Films from the 80s

10 timeless classics from 1985

#10 – Mad Max Beyond Thunderdome

Directed by George Miller & George Ogilvie. Starring Mel Gibson, Tina Turner & Bruce Spence.

The Mad Max universe takes on an epic new scale and magnitude with this incredible third instalment that breaks all the rules of sequels being bad.

Mad Max Beyond Thunderdome rejoins our hero as he is exiled into the desert by the ruthless ruler of Bartertown and encounters an isolated cult centred around a crashed Boeing 747. Bringing better visual effects and more believable settings to the series, it’s basically the first two films with a bigger budget.

Including original action ideas and another brilliant performance from Mel Gibson, it’s a film that all of Australia has to be proud of. Marking an arguable high point in Australian cinema, it’s one of the most successful and acclaimed movies we’ve ever released from our shores.

Plus, that thunderdome scene is one of the most iconic action fight sequences in history.

 

#9 – Clue

Directed by Jonathan Lynn. Starring Eileen Brennan, Tim Curry & Madeline Kahn.

You’ve heard of video game adaptations and book adaptations. Now watch a film based on a board game.

Clue is based on the board game of the same name (we call it Cluedo here in Australia), and did something rather exciting and innovative. In its cinematic release, it had three possible endings, and each theatre received a different one. You’d have to travel around to different theatres to see all three. Nowadays, you can just get all three on the home video release.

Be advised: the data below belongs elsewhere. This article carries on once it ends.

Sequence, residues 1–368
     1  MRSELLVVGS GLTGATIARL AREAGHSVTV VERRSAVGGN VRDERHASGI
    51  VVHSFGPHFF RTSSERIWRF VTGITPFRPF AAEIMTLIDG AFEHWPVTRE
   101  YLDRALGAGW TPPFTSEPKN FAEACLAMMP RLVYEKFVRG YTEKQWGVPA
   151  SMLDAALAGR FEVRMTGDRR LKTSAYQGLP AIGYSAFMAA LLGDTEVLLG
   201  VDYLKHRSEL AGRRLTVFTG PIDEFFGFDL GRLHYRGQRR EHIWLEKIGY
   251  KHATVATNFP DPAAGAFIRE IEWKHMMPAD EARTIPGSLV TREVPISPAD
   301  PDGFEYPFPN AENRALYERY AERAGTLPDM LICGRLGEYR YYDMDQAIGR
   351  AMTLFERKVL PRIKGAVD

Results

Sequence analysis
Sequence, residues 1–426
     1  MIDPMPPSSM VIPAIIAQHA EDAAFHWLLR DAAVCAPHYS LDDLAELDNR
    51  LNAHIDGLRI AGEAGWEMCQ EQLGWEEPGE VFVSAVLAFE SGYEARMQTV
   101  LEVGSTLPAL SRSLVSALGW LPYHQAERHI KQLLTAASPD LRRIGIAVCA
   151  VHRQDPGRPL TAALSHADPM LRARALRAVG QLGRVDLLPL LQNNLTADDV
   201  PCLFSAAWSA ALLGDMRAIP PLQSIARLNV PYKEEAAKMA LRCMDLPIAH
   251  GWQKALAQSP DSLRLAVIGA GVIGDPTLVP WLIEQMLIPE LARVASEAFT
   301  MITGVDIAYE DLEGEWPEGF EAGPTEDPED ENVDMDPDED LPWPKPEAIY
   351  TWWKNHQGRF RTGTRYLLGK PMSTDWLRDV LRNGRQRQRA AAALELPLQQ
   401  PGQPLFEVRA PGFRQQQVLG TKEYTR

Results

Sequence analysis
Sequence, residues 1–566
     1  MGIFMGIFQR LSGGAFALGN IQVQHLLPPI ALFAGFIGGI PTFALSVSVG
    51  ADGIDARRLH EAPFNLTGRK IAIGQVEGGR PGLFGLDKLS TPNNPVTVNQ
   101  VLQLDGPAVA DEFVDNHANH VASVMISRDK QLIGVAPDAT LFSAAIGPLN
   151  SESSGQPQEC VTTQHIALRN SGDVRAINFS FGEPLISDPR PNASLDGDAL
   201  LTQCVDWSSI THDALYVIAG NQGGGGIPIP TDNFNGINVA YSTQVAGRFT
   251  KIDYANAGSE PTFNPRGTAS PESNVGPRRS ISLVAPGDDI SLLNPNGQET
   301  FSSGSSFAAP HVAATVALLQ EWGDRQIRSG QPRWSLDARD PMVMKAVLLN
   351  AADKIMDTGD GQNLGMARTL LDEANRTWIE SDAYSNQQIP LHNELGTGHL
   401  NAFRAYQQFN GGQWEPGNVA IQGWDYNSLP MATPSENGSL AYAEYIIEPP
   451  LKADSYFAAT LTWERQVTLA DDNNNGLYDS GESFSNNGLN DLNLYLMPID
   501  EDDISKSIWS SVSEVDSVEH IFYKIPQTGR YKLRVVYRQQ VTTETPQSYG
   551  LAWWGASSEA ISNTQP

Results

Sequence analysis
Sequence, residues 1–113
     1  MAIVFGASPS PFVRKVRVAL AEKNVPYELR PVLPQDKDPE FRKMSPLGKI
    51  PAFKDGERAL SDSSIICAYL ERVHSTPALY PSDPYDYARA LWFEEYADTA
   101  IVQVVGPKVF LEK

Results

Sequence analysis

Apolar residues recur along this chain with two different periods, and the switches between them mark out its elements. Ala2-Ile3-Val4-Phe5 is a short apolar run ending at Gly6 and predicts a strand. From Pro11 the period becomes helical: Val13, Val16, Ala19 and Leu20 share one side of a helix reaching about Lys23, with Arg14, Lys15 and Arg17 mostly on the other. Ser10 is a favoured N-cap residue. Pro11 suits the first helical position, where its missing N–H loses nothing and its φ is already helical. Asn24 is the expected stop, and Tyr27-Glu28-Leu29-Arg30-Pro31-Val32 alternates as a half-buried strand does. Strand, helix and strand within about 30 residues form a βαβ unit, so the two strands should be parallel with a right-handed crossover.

Overall, the film wasn’t very well-received, but its campiness, uniqueness and innovation alone make it worthy of this list. Featuring an all-star ensemble cast of the likes of Eileen Brennan, Tim Curry and Christopher Lloyd, it’s definitely interesting to watch some of Hollywood’s favourites in such a ridiculous concept.

According to the director, there is actually one correct ending. See if you can guess which one it is after watching all three.

 

#8 – A Room with a View

Directed by James Ivory. Starring Maggie Smith, Denholm Elliott & Judi Dench.

Get ready for some of Britain’s finest actors in a romance that will take your breath away. This is one of the most successful British films of all time.

A Room with a View stars the likes of Maggie Smith, Helena Bonham Carter, Judi Dench and Daniel Day-Lewis, telling the story of a young woman in oppressive Edwardian England, who falls in love with a free-spirited young man. Generic though it may be, it executes the romance genre better than most ever will.

Met with universal acclaim, it was nominated for eight Academy Awards including Best Picture, and won three: Best Adapted Screenplay, Best Art Direction and Best Costume Design. It currently holds a 100% rating on Rotten Tomatoes for its bright comedy and intellectual approach to the idea of love.

The film was primarily shot on location in Florence for the Italian scenes and around Kent for the scenes set in England.

 

#7 – Witness

Directed by Peter Weir. Starring Harrison Ford, Kelly McGillis & Lukas Haas.

Forget Han Solo. Forget Indiana Jones. You want a really powerful Harrison Ford performance? This film is what you need.

In Witness, Ford plays a detective tasked with protecting a young Amish boy who becomes a target after he witnesses a murder in Philadelphia. Under Australian director Peter Weir, who is also responsible for Picnic at Hanging RockDead Poets Society and The Truman Show, this is an impactful and awesome crime thriller.